Wednesday, April 20, 2016

African Burial Ground National Monument

In 1991, a $275 million project began for the construction of a federal office building at 290 Broadway in the Civic Center section of Lower Manhattan. In October of that year, the General Services Administration announced that intact burials from the largest colonial-era cemetery for freed and enslaved Africans had been discovered during excavations. Though an Environmental Impact Statement was commissioned upon purchase of the site, archaeological surveys predicted no remains would be found, due to the long history of development in the area.
As the GSA attempted construction and excavation at the same time, the African-American community felt the graves were not receiving proper respect, and the area required a more thorough archaeological study, as well as a plan to protect the remains.
In 1992, they halted construction, and a fund was set up to handle further excavations. In total, 420 burials were found, but historians estimate 15,000 to 20,000 were buried during the 1700s, in what was called the "Negroes Burial Ground", which is New York's earliest known African-American cemetery.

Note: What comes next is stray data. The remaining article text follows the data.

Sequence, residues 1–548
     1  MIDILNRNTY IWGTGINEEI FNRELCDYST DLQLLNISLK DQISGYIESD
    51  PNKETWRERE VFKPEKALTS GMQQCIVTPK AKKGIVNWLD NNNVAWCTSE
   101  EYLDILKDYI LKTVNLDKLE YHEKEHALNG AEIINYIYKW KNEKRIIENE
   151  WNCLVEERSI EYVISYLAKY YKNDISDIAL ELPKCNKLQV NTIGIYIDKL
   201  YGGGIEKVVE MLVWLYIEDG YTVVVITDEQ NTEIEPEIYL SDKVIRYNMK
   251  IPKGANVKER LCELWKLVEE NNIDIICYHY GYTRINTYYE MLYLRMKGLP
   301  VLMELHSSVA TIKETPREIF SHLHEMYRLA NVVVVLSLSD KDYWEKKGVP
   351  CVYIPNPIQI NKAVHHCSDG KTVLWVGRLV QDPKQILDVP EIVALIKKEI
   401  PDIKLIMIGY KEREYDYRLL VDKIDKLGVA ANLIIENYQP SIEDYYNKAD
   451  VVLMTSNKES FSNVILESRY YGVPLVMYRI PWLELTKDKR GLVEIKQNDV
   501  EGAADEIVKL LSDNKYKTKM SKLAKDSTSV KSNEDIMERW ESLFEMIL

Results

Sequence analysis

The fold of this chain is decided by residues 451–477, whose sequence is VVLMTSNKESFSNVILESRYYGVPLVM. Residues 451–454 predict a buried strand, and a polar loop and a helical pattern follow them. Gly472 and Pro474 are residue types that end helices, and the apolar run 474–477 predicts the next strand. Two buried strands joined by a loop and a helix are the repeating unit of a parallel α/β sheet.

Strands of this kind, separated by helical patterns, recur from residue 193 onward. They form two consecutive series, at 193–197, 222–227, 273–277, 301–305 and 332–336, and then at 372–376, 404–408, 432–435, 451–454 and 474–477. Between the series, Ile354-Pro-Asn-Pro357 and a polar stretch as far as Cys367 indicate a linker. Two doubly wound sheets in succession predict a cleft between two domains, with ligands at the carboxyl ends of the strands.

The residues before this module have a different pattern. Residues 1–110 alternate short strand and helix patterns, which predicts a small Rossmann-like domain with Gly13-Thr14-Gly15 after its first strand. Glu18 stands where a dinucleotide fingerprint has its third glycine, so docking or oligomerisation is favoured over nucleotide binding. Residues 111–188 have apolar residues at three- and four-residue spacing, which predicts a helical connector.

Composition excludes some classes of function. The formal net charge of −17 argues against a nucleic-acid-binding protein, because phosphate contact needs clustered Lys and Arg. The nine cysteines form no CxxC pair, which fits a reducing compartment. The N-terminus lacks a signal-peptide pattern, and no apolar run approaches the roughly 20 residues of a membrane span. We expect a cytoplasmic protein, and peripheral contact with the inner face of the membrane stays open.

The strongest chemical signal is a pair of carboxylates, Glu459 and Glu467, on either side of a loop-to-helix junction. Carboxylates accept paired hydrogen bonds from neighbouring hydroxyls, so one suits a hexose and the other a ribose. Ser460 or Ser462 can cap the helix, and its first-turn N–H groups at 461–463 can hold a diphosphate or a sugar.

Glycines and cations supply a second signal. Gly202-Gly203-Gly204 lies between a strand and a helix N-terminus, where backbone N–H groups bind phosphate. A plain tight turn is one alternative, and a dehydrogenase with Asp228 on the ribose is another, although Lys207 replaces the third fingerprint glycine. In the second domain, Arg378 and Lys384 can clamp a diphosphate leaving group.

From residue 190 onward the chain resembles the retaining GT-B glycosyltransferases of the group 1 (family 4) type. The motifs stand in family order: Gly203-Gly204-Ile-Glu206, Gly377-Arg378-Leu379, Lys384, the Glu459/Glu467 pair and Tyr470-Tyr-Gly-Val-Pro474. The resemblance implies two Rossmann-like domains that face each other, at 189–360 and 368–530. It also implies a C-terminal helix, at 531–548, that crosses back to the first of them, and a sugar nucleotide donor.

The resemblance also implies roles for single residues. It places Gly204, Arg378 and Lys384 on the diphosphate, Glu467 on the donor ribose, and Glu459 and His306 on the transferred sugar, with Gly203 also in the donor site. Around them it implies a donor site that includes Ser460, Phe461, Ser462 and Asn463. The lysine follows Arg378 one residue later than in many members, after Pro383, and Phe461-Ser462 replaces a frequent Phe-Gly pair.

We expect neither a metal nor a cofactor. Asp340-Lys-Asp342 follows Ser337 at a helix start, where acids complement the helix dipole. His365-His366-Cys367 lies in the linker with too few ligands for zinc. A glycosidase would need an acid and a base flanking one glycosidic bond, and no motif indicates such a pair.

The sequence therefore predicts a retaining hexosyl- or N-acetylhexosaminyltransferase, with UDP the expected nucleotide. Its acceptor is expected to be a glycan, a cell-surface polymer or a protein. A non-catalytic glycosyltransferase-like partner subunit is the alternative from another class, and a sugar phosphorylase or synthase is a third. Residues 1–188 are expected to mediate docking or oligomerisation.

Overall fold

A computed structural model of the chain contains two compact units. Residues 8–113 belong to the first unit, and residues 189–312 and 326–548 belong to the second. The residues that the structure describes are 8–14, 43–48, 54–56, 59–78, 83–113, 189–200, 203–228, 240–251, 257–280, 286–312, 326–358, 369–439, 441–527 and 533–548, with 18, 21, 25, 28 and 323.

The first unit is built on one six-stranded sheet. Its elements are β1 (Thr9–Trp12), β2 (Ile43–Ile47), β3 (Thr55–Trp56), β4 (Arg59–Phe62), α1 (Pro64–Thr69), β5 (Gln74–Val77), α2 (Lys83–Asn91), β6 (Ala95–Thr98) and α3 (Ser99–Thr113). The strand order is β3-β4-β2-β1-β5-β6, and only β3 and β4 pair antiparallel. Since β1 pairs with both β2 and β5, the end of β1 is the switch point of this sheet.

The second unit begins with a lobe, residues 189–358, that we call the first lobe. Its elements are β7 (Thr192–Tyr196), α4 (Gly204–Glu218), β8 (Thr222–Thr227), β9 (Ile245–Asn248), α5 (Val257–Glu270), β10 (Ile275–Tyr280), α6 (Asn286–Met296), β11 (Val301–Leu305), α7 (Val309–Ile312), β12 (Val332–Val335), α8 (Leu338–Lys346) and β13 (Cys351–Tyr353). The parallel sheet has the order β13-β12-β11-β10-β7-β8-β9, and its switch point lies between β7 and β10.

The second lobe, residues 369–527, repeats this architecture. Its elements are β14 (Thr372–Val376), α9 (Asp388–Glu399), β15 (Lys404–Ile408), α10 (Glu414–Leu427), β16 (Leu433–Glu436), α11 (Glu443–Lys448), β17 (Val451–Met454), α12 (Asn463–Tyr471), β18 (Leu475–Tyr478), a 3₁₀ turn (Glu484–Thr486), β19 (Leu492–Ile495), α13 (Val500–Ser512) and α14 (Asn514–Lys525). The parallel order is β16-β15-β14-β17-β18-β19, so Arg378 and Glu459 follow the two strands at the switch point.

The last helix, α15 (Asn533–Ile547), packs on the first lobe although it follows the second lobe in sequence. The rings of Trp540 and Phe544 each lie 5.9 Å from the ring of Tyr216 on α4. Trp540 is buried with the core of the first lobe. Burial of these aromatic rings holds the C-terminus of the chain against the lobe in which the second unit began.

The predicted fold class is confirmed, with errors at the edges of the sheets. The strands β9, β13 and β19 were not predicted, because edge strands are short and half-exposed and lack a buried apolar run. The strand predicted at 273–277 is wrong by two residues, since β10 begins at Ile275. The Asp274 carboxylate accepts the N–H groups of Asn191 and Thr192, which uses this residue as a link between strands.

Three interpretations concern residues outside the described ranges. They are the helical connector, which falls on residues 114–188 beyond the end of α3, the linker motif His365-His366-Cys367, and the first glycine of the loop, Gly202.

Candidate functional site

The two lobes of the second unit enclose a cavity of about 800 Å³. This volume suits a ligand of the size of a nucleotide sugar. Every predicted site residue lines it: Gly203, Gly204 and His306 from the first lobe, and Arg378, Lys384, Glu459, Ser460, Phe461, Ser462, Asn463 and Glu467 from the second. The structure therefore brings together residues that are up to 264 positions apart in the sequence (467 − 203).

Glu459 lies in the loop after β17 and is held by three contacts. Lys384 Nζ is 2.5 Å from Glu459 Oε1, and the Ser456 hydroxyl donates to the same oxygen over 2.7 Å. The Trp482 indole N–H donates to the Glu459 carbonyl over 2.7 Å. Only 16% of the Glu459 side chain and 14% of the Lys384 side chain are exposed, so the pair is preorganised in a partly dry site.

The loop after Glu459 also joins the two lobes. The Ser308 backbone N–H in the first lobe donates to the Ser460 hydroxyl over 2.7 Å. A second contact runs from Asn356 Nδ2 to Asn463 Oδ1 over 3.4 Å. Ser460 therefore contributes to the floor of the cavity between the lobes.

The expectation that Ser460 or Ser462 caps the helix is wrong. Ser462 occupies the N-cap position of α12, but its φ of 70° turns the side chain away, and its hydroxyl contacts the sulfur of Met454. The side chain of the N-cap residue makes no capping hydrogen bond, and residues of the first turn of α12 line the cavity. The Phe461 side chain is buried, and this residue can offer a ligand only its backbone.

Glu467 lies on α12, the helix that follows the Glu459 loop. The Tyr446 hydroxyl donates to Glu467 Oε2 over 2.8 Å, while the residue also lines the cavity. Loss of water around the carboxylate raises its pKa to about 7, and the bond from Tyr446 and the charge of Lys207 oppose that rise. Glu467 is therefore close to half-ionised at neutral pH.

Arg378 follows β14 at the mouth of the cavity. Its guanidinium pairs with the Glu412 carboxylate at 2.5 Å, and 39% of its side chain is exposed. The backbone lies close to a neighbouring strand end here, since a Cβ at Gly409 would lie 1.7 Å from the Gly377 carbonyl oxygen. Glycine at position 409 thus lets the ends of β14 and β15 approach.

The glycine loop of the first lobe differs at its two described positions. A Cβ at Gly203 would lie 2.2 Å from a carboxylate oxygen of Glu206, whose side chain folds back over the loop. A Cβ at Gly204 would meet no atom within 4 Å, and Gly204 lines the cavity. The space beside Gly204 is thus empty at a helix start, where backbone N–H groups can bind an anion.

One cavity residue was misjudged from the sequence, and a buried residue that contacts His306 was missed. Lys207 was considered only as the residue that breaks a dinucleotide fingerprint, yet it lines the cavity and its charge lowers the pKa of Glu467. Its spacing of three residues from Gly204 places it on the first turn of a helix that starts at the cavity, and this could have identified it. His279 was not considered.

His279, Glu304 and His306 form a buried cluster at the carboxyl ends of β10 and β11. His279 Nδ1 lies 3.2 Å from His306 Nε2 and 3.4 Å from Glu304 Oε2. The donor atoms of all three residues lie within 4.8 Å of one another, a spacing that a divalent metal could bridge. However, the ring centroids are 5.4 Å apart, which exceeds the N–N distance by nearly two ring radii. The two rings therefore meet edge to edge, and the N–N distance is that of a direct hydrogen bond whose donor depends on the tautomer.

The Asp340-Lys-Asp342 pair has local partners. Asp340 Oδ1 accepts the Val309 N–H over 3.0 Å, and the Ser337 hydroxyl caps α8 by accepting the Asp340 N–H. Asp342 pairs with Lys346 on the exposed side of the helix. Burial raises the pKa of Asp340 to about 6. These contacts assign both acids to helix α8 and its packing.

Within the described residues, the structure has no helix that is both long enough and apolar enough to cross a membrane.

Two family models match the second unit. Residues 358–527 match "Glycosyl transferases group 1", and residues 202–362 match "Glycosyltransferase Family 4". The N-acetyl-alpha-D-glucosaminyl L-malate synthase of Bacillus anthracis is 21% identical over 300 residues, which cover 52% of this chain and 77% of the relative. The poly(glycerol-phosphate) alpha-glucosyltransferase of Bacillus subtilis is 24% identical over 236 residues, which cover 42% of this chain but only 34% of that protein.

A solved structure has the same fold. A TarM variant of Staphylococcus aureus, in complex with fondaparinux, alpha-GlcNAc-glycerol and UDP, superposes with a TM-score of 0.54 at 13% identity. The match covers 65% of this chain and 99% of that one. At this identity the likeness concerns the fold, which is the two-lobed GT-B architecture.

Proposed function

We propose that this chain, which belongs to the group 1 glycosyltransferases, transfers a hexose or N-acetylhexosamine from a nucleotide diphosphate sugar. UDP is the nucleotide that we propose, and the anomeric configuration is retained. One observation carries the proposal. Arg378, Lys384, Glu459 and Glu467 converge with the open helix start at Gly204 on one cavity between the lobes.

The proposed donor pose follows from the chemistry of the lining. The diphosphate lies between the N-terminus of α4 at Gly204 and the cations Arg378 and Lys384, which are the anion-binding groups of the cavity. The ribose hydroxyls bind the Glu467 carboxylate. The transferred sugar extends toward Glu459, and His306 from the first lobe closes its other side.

While the site became a National Historic Landmark in 1993, and the Ted Weiss Federal Building was soon finished, an area was set aside to rebury the remains. Congress approved the funds for a memorial in 2003, and it was made a National Monument in 2006, though the monument was not completed until 2007.

Made of granite, from South Africa and the United States to symbolize both coming together, the 25 ft (8 m) shrine holds, within an area named the "Circle of Diaspora", a map of the Atlantic ocean known as the Middle Passage, where slaves were transported from Africa to North America. One may enter the circle via the Ancestral Libation Chamber, through "The Door of Return", which is in reference to "The Door of No Return" (a name given to West African ports involved in the slave trade). The mounds located before the monument's door are where the remains were reinterred .

In 2010, a museum was opened inside the Ted Weiss Federal Building, to give visitors a history of the finds, as well as of the site. Within the permanent exhibit, "Reclaiming Our History", Amaze Design and Studio EIS created a life-size depiction of African immigrants performing a funeral for an adult and child. There is also a wall with all 420 photos of the remains found... well as artifacts of those inhumed, including money, jewelry, clothing and tools, plus a replica of the wooden Ghana reburial coffins where the deceased were re-entombed.